“You have to ask yourself, am I a part of your dream or are you part of mine?”
The latest H.P. Lovecraft adaptation from I.N.J. Culbard and SelfMadeHero is a take on the classic horror writer’s greatest dream story, The Dream Quest of Unknown Kadath. Culbard delivers a lovely adaptation, suffused with surreal logic and some very intriguing storytelling choices, though for new readers this story may be a bit too strange and ethereal for them to fully appreciate.
The thing is, this book is a truly dreamlike state, with shifting perspectives and eternally changing storyline. Just as you get a handle on the events seems to be happening in front of you, the storyline turns. The focus of the narrative is elusive, always twisting in the way that hallucinations are elusive and ever-changing. For instance, there are bizarre animals with vertical mouths on one page and off the next and your mind wishes to make sense of that. A reader wants to think that maybe the animals appear as foreshadowing or as echoes of mood or have some sort of deeper significance.
That may be true, or not. They may return or not return later on in the story. That’s the nature of dreams, and the nature of why Lovecraft is such a beloved author. His work has a deep feel of the reverie about it, full of reverberations of everyday daily life that resonate symbolically through the imagery that is presented. Old friends reappear with different faces and new friends show up saying things that they couldn’t possibly know; otherworldly vistas present themselves; the protagonist falls and drowns and is caught by strange creatures… and all of it has the feeling of unreal reality, or maybe real unreality; whatever it is, it’s as real as the concepts that we carry in our heads that haunt our secret selves.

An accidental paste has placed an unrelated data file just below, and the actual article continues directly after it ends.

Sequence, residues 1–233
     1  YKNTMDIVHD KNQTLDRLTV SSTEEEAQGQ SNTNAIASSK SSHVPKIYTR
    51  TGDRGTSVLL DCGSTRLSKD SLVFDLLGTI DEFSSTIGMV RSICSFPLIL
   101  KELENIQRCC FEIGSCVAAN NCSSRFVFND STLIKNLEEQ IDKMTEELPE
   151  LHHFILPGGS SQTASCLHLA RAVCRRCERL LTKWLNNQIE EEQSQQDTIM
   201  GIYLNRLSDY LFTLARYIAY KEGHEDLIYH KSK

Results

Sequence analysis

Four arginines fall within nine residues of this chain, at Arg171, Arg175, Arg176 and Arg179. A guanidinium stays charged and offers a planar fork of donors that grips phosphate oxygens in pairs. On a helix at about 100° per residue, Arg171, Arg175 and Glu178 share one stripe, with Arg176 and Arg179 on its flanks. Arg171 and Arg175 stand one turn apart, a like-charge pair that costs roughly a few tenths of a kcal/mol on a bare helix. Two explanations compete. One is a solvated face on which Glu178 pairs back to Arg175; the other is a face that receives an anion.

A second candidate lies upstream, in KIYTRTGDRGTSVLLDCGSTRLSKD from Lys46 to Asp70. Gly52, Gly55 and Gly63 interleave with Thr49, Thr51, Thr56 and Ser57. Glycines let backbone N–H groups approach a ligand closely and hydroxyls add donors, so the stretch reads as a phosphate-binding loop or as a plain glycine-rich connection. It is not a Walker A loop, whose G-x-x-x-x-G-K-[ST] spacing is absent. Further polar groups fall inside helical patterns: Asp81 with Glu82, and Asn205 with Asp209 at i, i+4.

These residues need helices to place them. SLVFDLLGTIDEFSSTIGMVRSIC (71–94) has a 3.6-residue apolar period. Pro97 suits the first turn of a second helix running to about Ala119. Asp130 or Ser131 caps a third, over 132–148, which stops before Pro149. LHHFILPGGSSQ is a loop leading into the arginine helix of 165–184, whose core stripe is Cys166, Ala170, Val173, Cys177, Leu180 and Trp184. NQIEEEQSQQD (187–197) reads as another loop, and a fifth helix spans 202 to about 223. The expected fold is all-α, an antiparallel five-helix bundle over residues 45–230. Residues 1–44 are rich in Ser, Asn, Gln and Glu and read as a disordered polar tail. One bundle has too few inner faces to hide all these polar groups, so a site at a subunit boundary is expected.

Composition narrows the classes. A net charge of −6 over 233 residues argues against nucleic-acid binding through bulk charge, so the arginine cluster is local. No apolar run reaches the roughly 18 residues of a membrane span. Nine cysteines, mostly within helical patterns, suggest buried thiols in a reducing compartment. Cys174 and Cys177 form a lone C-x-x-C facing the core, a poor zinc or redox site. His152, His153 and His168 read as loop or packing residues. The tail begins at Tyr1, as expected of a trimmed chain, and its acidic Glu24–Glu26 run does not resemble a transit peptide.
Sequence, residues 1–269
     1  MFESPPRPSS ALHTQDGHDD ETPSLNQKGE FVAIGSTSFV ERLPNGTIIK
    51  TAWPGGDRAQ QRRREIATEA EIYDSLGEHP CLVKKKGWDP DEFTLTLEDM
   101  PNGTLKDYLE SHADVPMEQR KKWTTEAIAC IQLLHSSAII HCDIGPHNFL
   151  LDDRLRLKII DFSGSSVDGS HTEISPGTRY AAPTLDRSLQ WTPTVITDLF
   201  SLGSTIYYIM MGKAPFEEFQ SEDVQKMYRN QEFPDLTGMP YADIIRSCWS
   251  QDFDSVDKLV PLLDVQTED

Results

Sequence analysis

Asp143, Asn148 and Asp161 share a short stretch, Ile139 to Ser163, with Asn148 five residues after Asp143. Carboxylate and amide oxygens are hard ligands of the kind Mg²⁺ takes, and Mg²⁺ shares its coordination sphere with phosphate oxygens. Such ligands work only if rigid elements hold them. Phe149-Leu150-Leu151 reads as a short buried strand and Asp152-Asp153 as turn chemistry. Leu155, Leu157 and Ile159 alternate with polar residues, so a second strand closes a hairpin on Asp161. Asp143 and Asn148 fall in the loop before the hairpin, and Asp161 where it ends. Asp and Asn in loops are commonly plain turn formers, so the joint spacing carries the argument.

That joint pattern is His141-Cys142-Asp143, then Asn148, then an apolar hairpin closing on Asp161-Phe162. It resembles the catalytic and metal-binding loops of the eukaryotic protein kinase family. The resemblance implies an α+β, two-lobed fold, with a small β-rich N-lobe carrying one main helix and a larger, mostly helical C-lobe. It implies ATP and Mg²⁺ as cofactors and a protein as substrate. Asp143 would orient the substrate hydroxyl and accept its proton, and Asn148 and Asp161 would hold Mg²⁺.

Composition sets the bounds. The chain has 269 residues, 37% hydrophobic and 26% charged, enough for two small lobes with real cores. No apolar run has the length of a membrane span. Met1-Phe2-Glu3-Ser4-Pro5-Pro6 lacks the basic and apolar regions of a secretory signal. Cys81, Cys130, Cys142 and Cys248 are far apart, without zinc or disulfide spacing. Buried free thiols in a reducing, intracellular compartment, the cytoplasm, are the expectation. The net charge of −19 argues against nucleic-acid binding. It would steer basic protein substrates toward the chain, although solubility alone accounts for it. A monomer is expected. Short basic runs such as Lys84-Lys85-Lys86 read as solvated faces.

Ah, Lovecraft, by showing us our inner selves you make it hard to live as our external selves.
I.N.J. Culbard has adapted several Lovecraft stories as graphic novels, so he’s obviously a big fan of the dark genius’s literary works. Culbard’s linework and coloring is is gorgeous and haunting. I was most struck by the color palette he chose for his adaptation, mainly pastels but frequently with full, bold lighting in scenes of full sunlight. I generally see these stories as suffused in darkness, though that may be more his stories of Cthulu and other eternal creatures than the dreamlike stories. The brighter colors present a fascinating choice in this tale because the coloring gives Unknown Kadath a kind of seductive quality. It feels somehow more real than reality; inviting, peculiar, exotic and the perfect escape from a quiet life in a small Massachusetts town.
If you’ve never read Lovecraft before, you probably won’t want to start with this book. The lack of a conventional plot might drive you crazy and make you feel like the storyline is tedious. But for the experienced fan who’s looking for an interesting adaptation of one of Lovecraft’s greatest stories, this is well worth picking up. Then again, if you’ve been reading I.N.J. Culbard’s Lovecraft adaptations, you’ve probably dreamed of this Dream-Quest.